Scientists to probe oil sands pollution claims
OTTAWA — A panel of scientific experts will have 60 days to investigate new research suggesting that oilsands operations are contaminating the Athabasca River and endangering human health, Environment Minister Jim Prentice said Thursday.
“We are determined to develop Canada’s oilsands in a manner that it sustainable and environmentally sensitive,” said Mr. Prentice in a statement. “This independent review by some of Canada’s most respected scientists is a critical step in ensuring that environmental issues are balanced with economic considerations.”
Industry representatives have suggested pollution in the river is coming from natural deposits, but several prominent scientists, including David Schindler from the University of Alberta, have concluded the evidence overwhelmingly suggests the industrial activity is to blame.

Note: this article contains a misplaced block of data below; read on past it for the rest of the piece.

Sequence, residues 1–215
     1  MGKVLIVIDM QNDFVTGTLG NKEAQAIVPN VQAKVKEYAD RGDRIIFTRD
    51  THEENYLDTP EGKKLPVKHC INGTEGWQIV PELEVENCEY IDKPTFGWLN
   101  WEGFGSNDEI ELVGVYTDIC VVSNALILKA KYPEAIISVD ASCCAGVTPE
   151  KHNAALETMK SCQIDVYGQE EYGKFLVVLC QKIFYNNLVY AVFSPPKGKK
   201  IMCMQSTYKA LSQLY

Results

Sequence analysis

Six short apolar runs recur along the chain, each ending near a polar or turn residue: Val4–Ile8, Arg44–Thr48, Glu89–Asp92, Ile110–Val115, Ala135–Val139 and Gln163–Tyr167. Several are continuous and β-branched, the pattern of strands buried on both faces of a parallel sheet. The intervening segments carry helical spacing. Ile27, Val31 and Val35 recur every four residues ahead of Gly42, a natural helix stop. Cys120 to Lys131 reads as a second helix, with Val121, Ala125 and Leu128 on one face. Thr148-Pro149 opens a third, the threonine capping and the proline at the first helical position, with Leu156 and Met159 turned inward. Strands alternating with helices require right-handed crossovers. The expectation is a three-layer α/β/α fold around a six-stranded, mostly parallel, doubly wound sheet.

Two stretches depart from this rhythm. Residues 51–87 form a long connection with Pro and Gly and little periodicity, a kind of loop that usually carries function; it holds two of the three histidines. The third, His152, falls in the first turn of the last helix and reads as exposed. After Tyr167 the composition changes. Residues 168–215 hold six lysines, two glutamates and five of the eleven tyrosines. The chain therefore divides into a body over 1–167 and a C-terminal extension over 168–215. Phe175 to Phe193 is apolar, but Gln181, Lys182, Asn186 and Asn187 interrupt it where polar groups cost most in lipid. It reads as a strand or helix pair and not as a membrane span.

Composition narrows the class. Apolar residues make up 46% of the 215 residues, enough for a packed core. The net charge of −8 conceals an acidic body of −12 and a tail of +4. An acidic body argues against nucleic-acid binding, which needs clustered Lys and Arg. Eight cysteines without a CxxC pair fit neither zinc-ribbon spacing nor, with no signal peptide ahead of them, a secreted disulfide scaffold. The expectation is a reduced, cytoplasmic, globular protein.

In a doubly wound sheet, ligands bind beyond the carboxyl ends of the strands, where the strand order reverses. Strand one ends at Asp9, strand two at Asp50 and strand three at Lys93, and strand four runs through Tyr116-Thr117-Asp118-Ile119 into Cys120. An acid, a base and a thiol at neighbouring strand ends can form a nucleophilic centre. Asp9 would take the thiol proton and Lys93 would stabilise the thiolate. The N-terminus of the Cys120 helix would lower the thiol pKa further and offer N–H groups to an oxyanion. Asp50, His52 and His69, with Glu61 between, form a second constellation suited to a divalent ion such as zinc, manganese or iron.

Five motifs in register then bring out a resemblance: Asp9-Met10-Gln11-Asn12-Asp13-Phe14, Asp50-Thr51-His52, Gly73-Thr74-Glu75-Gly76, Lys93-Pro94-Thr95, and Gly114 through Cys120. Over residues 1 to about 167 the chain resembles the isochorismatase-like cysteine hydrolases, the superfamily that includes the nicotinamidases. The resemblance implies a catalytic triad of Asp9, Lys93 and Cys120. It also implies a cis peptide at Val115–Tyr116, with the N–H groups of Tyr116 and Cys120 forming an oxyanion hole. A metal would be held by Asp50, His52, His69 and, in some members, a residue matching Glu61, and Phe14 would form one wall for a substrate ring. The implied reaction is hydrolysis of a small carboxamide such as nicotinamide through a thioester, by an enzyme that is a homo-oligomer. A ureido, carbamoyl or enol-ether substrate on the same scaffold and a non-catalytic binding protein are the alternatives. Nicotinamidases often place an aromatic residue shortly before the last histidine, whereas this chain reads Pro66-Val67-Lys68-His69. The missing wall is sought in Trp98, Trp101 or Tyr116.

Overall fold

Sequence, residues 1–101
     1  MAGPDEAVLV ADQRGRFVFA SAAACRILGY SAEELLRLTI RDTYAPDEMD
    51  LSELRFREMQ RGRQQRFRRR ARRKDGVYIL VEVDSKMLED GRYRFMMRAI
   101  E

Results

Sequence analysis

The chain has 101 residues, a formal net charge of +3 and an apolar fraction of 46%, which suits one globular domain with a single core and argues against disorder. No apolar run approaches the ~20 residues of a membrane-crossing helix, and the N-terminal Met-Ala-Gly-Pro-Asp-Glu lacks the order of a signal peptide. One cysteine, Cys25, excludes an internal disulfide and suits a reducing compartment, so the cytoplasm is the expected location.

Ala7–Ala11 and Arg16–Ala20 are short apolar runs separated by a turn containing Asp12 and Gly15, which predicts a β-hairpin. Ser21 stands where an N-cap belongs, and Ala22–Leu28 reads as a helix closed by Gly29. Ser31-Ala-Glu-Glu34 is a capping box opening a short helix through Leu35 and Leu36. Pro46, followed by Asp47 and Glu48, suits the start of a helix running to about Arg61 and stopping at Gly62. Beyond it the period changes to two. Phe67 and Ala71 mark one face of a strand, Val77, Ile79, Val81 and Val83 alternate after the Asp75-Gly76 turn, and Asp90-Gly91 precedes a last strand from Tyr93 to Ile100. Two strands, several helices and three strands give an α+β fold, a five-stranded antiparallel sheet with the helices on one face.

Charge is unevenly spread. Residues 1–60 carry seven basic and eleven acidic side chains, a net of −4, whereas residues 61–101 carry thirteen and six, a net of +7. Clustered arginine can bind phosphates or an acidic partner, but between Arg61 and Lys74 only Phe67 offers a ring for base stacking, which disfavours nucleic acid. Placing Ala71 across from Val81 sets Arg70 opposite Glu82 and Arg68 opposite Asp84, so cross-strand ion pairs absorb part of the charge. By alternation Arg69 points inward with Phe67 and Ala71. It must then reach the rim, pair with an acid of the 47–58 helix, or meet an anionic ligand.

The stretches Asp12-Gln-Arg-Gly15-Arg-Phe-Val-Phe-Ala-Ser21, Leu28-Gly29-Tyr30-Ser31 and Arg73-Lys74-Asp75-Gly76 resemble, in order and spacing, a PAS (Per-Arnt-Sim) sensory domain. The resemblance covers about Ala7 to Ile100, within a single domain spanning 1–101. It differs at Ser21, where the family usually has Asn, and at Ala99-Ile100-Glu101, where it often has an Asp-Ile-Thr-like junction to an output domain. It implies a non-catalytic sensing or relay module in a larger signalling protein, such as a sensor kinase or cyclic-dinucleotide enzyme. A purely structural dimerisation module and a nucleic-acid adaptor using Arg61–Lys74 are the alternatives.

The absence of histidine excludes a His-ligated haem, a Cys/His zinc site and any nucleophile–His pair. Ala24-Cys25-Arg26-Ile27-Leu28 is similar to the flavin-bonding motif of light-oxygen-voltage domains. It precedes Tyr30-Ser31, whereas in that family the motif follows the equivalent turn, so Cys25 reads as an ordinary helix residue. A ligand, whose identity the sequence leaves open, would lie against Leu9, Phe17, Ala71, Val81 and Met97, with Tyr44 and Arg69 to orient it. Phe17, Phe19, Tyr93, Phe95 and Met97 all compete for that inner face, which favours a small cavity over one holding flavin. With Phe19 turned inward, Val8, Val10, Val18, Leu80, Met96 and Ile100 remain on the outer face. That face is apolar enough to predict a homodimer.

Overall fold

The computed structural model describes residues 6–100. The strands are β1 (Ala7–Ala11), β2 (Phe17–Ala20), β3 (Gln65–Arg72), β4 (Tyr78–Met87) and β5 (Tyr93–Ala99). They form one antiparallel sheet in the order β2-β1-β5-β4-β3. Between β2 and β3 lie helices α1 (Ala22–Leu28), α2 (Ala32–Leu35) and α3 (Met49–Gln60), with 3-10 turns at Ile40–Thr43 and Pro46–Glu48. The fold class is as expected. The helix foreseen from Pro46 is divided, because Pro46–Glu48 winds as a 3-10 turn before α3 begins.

The panel will be chaired by Elizabeth Dowdeswell, who also is president of the Scientific Advisory Committee of the Council of Canadian Academies which advises the government on science issues. Dowdeswell also became the first women to be executive director of the United Nations Environment Programme in 1992 and has served as an assistant deputy minister at Environment Canada from 1989 to 1992.
The other members of Prentice’s new scientific panel of experts are Peter J. Dillon, Subhasis Ghoshal, Andrew D. Miall, Joseph Rasmussen and John P. Smol.
Mr. Prentice said their report would be made public on the department’s website.